Judgement on Scottish Referendum makes it clear power over calling a border poll sits with Westminster too

The UK’s unwritten constitution is tricky, archaic and hard to interpret on occasions without the help of judges. There have been many calls down the ages for a written code like the US’s (and almost everywhere that was once British, including Ireland).

Enter the judgement from the UK Supreme Court on whether Scotland had a unilateral right to call a referendum on Scottish independence.  The court finds that calling a referendum falls outside “the legislative competence of the Scottish Parliament”.

More importantly the judgement finds that such a measure could result in “the ending the Union and the sovereignty of the United Kingdom Parliament over Scotland”, and therefore such a matter must be reserved to Westminster.

Most importantly (for Scotland and Northern Ireland), on the question that the referendum envisaged in Scotland would only be advisory and not therefore trigger an immediate obligation to follow through the judgement has this to say:

The Bill’s effect will not be confined to the holding of the referendum. Even if the referendum has no immediate legal consequences, it would be a political event with important political consequences [78-81]. It is therefore clear that the proposed Bill has more than a loose or consequential connection with the reserved matters of the Union of Scotland and England and the sovereignty of the United Kingdom Parliament. Accordingly, the proposed Bill relates to reserved matters and is outside the legislative competence of the Scottish Parliament [82-83], [92].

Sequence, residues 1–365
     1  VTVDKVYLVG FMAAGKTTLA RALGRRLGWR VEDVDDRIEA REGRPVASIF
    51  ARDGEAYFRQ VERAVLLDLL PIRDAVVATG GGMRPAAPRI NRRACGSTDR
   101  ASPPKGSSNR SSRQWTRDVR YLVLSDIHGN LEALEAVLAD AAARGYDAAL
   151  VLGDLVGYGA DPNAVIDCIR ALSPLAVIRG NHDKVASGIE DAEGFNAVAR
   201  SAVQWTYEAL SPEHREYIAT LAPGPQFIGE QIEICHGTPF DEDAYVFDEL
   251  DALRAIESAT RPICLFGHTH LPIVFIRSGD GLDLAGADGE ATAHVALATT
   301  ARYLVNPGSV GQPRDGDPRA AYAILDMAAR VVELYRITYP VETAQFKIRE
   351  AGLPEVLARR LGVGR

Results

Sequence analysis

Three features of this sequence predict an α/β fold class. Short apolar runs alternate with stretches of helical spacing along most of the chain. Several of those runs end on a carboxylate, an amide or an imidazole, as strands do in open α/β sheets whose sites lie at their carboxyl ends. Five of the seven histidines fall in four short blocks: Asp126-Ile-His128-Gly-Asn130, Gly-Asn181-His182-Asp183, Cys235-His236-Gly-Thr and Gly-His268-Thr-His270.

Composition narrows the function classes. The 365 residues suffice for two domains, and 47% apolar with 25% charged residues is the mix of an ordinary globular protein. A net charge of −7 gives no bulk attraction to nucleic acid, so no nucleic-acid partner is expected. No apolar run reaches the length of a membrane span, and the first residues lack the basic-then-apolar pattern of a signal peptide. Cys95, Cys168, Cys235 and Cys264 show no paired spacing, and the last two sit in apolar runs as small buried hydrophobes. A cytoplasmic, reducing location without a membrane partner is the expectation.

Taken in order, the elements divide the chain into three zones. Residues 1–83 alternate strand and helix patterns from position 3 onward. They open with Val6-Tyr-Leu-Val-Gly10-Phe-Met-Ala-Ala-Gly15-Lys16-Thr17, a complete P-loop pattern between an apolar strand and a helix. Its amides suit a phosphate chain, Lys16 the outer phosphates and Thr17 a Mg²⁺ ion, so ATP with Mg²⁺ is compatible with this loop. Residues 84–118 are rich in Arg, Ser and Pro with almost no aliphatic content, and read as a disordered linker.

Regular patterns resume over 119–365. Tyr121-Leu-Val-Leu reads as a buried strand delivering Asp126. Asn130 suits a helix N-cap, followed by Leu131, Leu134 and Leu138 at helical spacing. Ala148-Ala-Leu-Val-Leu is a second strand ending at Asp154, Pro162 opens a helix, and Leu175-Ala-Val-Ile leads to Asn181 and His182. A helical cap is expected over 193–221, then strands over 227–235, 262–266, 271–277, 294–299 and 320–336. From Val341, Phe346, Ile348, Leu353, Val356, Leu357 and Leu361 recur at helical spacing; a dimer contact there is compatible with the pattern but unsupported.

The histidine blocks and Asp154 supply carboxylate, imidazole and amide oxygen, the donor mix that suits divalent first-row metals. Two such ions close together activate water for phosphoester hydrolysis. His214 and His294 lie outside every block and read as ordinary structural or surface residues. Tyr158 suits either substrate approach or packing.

This is the crux. If leaving the UK is a political matter then triggering a referendum on a senior constitutional matter (even an advisory one, as we have seen from the 2016 EU referendum) likely to trigger events entirely out of the control of Westminster.

Consent at Westminster therefore is the critical trigger in either case. Yes, we have it in writing that a pair of referendums are the legitimate way out but what few seem to understand is Westminster must consent to it in the first place.

What the judgement does is spell out the reality of devolution under this otherwise unwritten UK constitution.

It explains why a remains at the discretion of the Secretary of State for and is therefore unlikely to be used for at least another generation, regardless of the stream of are little more than lobbying statements to the contrary.

What too few people yet seem to understand is that devolution is not seen in England, Wales and Scotland as an interesting experiment in power-sharing but as a way of helping the island of Ireland to regulate its own stormy relations.

So if the calling of a border poll is a political matter for Westminster, when do we think it is likely a Westminster government is going to call one if the optimal outcome for unity is likely to be 50%+1? The quickest way home is the longest way round.

Devolution is an unpleasant reality for most of its participants, who have looked upon having to work with their generational enemies as an repulsive medicine someone else is forcing them to take, rather than an opportunity to be shared.

But without an alternative (and have you noticed how NI’s political actors seem long on criticism of each other but short on outlining other viable options?) devolution is here to stay.  And Westminster still has the key to the door.

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